But since you completely dodged my question as to what the potential hazardous, long term effects are from casually watching 3-D movies, please tell me how TV is harmful? We know it makes you stupid but what is the harm you're eluding to??

I've been watching TV for 40 years. Tell me the harm of it all... Is it why I only grew to 5'9", why I lost my freckles or was it the source of my HT addiction?

(you have to be joking)
post #37 of 194
Quote:
Originally Posted by thebland View Post

We know it makes you stupid but what is the harm you're eluding to??

You mean, other than the harm to my wallet to keep constantly keeping up with all this new tech?
post #38 of 194
Thread Starter 
Quote:
Originally Posted by thebland View Post

Let's get off the smoking analogy. It is a loser in this context.

Your opinion, again.

Quote:
Originally Posted by thebland View Post

But since you completely dodged my question as to what the potential hazardous, long term effects are from casually watching 3-D movies, please tell me how TV is harmful? We know it makes you stupid but what is the harm you're eluding to??

I know you read my original post. I asked questions. The answers are not known, except in your mind's eye. Similar questions were asked at a large gathering of TV engineers and manufacturers (and more than a few researchers) and there weren't any solid answers. If you are planning to unleash the "next big thing" in media (not just TV) and it has already prompted concerns about eye strain, wouldn't you want to find out why?

Quote:
Originally Posted by thebland View Post

I've been watching TV for 40 years. Tell me the harm of it all... Is it why I only grew to 5'9", why I lost my freckles or was it the source of my HT addiction?

(you have to be joking)

Perhaps you don't realize that you shouldn't base conclusions on just one data point. And it's not good practice to use yourself as a justification for anything,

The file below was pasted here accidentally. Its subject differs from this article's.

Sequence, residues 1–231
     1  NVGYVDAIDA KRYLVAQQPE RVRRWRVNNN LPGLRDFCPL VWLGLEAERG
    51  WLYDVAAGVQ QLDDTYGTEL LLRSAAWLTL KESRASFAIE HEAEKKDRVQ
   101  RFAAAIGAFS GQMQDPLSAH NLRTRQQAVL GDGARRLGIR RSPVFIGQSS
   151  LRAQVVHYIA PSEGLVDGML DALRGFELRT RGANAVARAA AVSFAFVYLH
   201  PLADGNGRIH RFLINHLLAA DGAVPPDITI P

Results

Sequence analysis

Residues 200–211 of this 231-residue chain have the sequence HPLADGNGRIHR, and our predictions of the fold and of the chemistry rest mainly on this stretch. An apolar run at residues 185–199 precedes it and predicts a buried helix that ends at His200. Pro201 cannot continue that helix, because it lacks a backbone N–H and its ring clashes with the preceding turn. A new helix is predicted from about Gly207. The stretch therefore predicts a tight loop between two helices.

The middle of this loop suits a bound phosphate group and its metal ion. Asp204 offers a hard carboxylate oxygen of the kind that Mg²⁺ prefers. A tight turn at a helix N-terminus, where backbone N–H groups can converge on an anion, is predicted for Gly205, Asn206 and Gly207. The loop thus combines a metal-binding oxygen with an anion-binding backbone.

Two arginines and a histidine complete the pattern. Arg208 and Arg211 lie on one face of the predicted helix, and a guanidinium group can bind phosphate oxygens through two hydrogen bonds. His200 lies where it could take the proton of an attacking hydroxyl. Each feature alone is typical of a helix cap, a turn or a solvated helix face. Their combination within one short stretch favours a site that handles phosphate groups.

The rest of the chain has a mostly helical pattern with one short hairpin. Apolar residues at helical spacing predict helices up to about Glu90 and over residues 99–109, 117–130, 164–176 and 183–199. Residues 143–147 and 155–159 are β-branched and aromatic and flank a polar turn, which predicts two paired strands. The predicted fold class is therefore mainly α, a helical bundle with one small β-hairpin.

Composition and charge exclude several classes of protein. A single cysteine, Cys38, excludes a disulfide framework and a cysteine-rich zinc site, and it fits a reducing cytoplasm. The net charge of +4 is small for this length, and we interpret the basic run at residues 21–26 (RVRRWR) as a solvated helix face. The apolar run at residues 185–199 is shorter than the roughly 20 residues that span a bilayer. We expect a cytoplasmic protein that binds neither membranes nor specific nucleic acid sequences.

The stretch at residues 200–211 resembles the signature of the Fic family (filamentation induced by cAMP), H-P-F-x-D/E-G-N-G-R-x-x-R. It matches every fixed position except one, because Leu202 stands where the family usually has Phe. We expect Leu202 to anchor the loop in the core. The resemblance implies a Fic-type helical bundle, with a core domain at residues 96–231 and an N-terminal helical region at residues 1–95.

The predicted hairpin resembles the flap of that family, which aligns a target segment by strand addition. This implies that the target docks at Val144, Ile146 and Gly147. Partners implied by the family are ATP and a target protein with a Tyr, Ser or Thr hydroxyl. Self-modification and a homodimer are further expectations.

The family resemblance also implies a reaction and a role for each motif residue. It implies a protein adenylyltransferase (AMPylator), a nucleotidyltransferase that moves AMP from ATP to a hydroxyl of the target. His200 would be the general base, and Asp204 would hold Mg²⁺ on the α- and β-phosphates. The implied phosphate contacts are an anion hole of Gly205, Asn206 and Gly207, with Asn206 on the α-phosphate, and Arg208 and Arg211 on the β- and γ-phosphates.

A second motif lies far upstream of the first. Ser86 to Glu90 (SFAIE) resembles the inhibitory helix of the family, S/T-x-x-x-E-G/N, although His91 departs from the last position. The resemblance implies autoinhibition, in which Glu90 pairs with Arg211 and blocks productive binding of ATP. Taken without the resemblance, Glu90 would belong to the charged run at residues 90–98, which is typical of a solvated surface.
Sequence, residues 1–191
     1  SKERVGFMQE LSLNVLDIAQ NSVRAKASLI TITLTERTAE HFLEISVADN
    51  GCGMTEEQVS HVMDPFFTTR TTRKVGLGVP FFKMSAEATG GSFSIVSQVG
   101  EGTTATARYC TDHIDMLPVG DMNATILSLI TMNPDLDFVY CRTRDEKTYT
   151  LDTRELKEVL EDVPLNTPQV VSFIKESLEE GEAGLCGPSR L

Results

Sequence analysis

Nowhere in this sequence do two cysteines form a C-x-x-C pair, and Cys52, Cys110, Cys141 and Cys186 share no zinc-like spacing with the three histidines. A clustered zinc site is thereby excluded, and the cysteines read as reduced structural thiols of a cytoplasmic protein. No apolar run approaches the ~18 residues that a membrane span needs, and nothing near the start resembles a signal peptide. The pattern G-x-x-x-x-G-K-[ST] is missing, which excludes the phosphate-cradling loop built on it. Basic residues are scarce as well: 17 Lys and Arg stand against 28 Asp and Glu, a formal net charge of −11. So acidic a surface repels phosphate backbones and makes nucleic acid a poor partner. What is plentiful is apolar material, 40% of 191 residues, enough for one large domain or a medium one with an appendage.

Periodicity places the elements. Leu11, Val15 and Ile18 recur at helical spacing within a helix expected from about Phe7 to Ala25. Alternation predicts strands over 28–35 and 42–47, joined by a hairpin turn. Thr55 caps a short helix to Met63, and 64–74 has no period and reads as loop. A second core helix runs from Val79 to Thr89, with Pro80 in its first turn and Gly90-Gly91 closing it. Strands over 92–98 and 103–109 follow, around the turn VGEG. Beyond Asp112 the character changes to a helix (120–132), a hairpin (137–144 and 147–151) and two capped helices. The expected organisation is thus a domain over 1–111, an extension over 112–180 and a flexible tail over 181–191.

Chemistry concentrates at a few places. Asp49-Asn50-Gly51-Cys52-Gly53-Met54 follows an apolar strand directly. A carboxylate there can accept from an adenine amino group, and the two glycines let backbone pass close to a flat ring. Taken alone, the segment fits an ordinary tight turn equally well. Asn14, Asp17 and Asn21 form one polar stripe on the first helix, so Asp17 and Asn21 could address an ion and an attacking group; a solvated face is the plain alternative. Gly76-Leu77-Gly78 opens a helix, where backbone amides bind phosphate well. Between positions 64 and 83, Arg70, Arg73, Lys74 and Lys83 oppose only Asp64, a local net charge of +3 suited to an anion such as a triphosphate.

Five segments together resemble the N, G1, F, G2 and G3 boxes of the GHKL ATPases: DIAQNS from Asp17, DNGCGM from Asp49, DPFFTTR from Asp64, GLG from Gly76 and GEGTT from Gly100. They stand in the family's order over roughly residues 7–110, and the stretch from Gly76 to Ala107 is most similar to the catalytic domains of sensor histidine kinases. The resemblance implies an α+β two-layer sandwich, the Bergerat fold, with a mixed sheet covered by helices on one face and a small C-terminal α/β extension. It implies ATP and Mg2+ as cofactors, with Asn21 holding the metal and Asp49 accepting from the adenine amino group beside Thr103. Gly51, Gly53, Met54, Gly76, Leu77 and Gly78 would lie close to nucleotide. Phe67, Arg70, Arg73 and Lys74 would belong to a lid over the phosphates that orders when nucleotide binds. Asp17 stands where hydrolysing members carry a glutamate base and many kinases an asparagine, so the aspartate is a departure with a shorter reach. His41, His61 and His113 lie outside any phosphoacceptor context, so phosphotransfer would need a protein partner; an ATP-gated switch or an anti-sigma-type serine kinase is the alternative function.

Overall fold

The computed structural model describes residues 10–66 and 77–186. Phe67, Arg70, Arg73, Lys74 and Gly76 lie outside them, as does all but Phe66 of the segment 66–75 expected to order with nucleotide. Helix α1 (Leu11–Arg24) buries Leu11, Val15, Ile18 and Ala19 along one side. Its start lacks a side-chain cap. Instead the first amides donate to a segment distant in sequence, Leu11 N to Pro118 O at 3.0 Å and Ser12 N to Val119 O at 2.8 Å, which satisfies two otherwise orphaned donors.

post #39 of 194
Our eyes have been switching back and forth between 2-D and 3-D ever since 2-D surfaces were used for writing/pictures and, since the "discovery" of perspective in painting/drawing, between 2-D representations of 3-D things and "real" 3-D things. When we watch movies on a screen we switch back and forth between a 2-D screen and (usually) 3D popcorn and drinks or the remote control (if the movie sucks).

Sure, there are going to be folks for whom the convergence accommodation thing will be somewhat problematic, but if it were a big deal for most folks, we'd have seen some evidence of its ugly menace already, don't you think? How long has "virtual reality" been around - anyone gone bonkers yet? It's wise to think about this kind of thing but it's been around long enough that we don't need to be alarmist, just sensible.
post #40 of 194
Thread Starter 
Quote:
Originally Posted by AJSJones View Post

Our eyes have been switching back and forth between 2-D and 3-D ever since 2-D surfaces were used for writing/pictures and, since the "discovery" of perspective in painting/drawing, between 2-D representations of 3-D things and "real" 3-D things. When we watch movies on a screen we switch back and forth between a 2-D screen and (usually) 3D popcorn and drinks or the remote control (if the movie sucks).

There is no vergence/accomodation problem watching a 2D picture in the real world. I imagine that is because there is no fooling the viewer that the picture is real.

Quote:
Originally Posted by AJSJones View Post

Sure, there are going to be folks for whom the convergence accommodation thing will be somewhat problematic, but if it were a big deal for most folks, we'd have seen some evidence of its ugly menace already, don't you think? How long has "virtual reality" been around - anyone gone bonkers yet? It's wise to think about this kind of thing but it's been around long enough that we don't need to be alarmist, just sensible.

There have been some negative reports about 3D when wearing "virtual reality" goggles. Now, you might expect that, but wearing goggles is a lot different than TV, which is also different than watching 3D in a movie theater. Still, it should suggest that you need to be sure before you bet the farm on 3D as being the future of TV.

For another opinion, try this: http://www.abc.net.au/pm/content/2010/s2820271.htm
post #41 of 194
Quote:
Originally Posted by hphase View Post